HOUSING, transport, and looking after the open spaces in the parish were the top three themes that came out of Calstock’s first “Community Conversation”.

A community conversation – sometimes known as a popular assembly – is aimed at getting as many different people involved and engaged in politics as possible, from the very local right up to the national level.

On a long-term and wider scale, those behind the movement hope that eventually a ‘house of citizens’ will sit alongside elected politicians, with the same powers as the House of Lords to debate and amend proposed laws.

In the shorter term, the Calstock group aims to have people discuss in a non-confrontational way the issues that they feel are most important, so that everyone’s voice is heard, and to feed the viewpoints that emerge into local and county decision-making.

“We had 15 people taking part, which was less than we thought we might get, but these are tentative first steps and it was a very positive beginning – and something worth trying to sustain,” said facilitator Charlotte Reynolds.

Of the people that attended Sunday’s meeting, all say they’ll come again and some have volunteered to deliver flyers and promote the project.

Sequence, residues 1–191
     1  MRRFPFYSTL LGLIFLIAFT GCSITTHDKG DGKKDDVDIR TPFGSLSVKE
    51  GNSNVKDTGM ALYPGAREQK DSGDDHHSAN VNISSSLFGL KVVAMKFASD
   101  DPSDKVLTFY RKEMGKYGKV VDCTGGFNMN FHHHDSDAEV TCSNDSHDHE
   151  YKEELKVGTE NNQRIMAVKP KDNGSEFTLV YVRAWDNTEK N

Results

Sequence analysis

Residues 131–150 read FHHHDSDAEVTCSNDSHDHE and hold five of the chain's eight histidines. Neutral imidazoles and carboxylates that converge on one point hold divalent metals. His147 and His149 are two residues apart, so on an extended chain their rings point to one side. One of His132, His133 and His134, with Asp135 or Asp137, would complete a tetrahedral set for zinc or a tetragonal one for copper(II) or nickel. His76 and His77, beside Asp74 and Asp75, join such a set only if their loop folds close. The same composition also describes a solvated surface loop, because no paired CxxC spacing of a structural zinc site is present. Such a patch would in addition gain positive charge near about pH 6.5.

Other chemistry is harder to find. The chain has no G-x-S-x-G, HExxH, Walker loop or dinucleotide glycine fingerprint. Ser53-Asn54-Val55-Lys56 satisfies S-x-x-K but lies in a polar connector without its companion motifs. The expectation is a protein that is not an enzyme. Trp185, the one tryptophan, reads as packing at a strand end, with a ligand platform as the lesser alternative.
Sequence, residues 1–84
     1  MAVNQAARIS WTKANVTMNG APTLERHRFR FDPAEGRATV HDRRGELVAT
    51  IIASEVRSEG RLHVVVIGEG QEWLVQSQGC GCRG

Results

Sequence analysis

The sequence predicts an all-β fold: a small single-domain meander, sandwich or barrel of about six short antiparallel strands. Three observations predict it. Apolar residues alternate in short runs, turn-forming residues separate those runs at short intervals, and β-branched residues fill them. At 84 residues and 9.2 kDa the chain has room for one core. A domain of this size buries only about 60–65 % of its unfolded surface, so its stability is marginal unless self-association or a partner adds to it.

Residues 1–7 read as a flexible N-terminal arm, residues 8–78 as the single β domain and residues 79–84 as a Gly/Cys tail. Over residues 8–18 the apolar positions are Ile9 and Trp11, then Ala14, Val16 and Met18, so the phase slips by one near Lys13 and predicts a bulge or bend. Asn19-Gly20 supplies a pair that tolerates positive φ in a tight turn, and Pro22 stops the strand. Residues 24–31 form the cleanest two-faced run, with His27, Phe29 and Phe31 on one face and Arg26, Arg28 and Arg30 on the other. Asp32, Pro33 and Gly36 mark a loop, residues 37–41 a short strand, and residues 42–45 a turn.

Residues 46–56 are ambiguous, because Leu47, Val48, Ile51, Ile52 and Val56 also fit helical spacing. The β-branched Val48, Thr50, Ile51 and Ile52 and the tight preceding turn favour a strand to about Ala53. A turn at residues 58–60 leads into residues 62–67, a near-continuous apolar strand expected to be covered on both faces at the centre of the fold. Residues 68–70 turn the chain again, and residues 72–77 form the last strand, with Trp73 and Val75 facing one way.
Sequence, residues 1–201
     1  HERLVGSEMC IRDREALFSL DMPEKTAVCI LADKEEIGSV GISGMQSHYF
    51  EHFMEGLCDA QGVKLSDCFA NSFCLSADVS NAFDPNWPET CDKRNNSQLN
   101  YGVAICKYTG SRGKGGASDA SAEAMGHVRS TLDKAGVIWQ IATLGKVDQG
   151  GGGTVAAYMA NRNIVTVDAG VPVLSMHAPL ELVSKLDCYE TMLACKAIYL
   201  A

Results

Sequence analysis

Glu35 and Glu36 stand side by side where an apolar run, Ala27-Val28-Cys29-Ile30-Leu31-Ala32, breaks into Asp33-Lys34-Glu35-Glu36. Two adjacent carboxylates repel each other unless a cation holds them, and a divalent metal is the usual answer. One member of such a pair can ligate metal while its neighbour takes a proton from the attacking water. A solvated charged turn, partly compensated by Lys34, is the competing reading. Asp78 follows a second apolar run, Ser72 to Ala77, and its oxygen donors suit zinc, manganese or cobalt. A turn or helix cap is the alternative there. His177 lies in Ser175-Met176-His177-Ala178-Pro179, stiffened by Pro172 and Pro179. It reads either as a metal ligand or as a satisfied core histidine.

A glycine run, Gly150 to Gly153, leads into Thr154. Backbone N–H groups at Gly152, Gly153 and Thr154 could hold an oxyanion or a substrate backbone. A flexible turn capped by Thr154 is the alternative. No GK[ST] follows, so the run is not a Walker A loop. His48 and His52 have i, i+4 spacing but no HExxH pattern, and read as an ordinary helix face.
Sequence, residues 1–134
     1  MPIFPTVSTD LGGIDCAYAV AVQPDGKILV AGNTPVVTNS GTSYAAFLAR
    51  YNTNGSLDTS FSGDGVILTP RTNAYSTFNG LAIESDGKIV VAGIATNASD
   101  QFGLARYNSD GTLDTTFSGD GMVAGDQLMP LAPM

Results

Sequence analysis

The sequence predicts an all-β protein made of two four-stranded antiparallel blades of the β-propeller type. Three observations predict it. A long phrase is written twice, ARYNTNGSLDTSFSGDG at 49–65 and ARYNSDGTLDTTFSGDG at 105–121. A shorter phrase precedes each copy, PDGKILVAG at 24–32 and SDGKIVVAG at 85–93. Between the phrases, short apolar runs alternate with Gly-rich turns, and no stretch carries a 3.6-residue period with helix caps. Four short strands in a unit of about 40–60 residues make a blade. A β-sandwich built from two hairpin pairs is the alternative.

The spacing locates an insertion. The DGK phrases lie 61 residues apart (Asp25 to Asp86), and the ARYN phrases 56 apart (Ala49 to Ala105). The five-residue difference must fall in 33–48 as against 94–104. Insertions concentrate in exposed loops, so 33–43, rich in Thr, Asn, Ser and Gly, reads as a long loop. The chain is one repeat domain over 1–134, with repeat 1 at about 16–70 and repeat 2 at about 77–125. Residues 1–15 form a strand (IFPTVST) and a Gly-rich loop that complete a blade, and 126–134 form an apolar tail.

“We want to work on youth engagement, we didn’t have any young people, which was a bit disappointing,” Charlotte says. “We started out by asking people about the positives, and it was felt that Calstock parish is a very friendly community, a wonderful place, with good transport links.

“It was felt that there’s a good link here between people and the parish and Cornwall councillors, and the work the parish council does was really appreciated.”

Following on from the first event in Calstock, where some of the main topics discussed echoed issues being dealt with recently by the parish council, Charlotte said she hoped the community conversation might become a sort of bridge between residents and local government.

Discussion took place around tables with trained facilitators. With a list made of the group’s eight or nine key topics, all present were asked to vote for their top three priorities. These will form the basis for the next meetings, Charlotte explained.

“The first issue that will go forward in six or eight weeks’ time is the management of our public spaces – things like dog mess, litter, hedges and verges. Transport was next; people felt that we’re pretty well served by trains and buses here, but the conversation was more about how to streamline the amount of delivery vehicles, and relieving the pressure on parking. Car sharing came up in the discussion. 

“Housing was the other issue, particularly around access to affordable rented properties.”